Farmers are big beneficiaries of the new Chicago pork cut-out contract, say industry leaders.
“That’s another tool for pork producers, a tool that we really needed,” said Scott Hayes, National Pork Producers Council vice-president, about the Chicago Mercantile Exchange futures contract for processed pork, not pig, prices.
“That was a hedging tool that we really needed.”
However, the contract is attracting only tiny trade today and hasn’t yet proven that it can become a long-term viable part of the pig price discovery process.
“Ultimately, if the new pork cut-out futures contract is going to be successful, it must attract more volume and open interest to provide the liquidity hedgers need to manage price risk effectively.”
The contract was designed by the exchange with the help of the pork industry, including well-known economists such as Steve Meyer, as a way to better reflect the wholesale value of the pork that comes out of slaughter plants.
Farmers and others had long complained that the CME lean hogs futures contract well reflected cash market sales of hogs, but that many production contracts included an element of cut-out values in their formulae, which didn’t always correspond with cash hog prices.
“Although the hog and pork product indexes are correlated, they do not move together in lockstep,” said Jim Mintert, director of the Purdue University’s Centre for Commercial Agriculture.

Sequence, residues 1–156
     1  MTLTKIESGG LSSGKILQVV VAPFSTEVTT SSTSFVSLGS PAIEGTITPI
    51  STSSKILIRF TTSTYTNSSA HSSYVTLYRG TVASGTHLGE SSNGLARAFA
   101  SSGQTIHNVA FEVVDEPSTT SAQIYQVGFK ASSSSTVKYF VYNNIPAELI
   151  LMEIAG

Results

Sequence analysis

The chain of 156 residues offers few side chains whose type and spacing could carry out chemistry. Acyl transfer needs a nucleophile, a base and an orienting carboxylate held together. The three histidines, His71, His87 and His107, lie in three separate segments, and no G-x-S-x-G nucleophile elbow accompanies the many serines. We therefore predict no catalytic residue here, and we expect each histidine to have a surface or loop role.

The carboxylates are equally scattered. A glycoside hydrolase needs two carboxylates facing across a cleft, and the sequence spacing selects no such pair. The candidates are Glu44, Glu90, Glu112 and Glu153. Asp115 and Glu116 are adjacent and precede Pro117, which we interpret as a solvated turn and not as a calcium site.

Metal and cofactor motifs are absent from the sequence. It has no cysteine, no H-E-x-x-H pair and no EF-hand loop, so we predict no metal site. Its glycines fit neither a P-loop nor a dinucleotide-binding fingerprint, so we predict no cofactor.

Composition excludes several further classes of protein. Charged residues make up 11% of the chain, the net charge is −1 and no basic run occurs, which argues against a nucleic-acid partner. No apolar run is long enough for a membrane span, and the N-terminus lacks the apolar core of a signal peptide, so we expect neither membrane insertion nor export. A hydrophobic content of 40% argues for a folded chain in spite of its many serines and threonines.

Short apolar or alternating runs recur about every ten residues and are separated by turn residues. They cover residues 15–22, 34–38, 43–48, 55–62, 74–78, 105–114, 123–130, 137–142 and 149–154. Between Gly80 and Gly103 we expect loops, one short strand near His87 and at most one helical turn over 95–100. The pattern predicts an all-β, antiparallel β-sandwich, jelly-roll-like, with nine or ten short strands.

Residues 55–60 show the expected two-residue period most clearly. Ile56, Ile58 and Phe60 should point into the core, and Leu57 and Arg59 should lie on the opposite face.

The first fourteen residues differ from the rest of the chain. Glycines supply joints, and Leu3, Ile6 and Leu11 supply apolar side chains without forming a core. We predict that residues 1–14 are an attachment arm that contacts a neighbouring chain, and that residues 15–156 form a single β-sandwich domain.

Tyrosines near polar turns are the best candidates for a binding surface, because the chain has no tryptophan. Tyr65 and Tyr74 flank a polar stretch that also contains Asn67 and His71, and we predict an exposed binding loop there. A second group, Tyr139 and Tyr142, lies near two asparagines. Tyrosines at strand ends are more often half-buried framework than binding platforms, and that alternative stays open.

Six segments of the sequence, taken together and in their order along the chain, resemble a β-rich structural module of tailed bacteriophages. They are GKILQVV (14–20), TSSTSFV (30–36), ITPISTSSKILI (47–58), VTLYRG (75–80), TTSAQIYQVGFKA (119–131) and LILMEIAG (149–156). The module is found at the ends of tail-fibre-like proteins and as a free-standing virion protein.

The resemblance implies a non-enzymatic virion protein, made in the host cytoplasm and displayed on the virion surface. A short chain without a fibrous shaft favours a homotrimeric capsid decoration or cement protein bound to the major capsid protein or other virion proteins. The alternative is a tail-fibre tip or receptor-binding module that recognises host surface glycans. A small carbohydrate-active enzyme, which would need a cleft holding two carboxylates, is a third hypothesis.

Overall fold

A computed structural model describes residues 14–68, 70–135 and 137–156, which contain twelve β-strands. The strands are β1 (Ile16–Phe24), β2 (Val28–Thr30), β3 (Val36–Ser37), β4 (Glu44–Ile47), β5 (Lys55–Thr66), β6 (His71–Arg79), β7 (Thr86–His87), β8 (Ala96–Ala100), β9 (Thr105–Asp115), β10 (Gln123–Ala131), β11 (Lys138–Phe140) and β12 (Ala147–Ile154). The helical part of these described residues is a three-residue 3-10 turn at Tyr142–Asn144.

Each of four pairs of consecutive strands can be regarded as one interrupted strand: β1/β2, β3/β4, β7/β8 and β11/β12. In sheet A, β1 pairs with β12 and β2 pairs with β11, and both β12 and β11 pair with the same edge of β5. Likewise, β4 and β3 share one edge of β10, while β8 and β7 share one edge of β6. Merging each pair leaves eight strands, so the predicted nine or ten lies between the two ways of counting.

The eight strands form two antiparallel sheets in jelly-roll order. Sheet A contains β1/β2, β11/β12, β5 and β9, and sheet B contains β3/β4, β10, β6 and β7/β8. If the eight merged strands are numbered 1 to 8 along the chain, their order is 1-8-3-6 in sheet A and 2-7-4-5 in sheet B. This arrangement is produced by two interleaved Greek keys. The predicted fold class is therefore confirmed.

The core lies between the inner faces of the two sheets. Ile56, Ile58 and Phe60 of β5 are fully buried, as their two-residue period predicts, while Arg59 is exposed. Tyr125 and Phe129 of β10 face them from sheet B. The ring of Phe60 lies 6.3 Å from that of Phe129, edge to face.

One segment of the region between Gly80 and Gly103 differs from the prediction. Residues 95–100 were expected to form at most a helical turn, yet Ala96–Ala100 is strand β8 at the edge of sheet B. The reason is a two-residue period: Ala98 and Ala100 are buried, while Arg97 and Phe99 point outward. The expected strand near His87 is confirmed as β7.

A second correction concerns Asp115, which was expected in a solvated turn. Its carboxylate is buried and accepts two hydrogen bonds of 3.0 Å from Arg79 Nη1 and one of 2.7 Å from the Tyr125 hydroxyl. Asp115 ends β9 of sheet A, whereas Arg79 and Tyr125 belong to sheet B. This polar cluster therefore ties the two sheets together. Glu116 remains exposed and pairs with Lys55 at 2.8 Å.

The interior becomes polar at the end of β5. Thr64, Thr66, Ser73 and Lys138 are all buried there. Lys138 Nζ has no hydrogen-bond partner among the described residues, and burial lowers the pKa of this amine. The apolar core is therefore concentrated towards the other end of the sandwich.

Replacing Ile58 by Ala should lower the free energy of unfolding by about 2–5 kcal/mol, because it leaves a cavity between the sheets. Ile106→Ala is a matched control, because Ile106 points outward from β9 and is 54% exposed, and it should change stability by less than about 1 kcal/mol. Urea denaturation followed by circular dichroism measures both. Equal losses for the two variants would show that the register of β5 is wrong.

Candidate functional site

“This suggests that for risk managers interested in managing wholesale product price risk, using the new cut-out contract could be advantageous because it will more closely correspond to cash price risk.”
The cut-out value contained in the CME contract is composed of a rolling average of real pork cut-out prices reported to the U. S. Department of Agriculture by processors. Those prices must be reported by all major processors, so the index of cut-out values is seen as accurately reflecting the commercial market.
The contract is cash settled against the index, so producers, processors, marketers and speculators who use the contract do not have to worry about delivery.
The creation of the cut-out contract has been long sought by the U.S. hog industry because of concerns about the accuracy of relying upon dwindling cash market sales of pigs, and because an increasing number of hog sale contracts are based more on cut-out values than contemporary cash sales of pigs.
Farmers didn’t want to replace the lean hogs contract, which is close to a pure play upon pig values, but they did want to be able to include cut-out values in their overall risk management programs.
With production and sales contracts coming in many different styles, with differing reliance upon cut-out and cash values, being able to have futures contracts reflecting different elements of the value chain provides options toward more accurate risk management.
“Now we have both, which allows producers to hedge pigs based on what their agreement says,” said Hayes during the World Pork Expo in Des Moines, Iowa.
The low liquidity of the new contract is nothing new and no surprise to futures markets observers and participants. Good ideas for new contracts can be hard to stitch together in a way that works well for commercial users.
It’s also notoriously difficult to get futures market users to be early adopters of new contracts. Usually a new contract needs to build volume and open interest before mainstream commercial users will embrace it.
That sometimes creates a chicken-or-the-egg situation.
People are using the CME cut-out contract. Dozens of contracts, each representing 40,000 pounds of pork, have been trading daily on the nearby month, with the June contract having open interest of about 750 in mid-May.
That pales in comparison, Mintert notes, to lean hogs volume of about 15,000 contracts per day.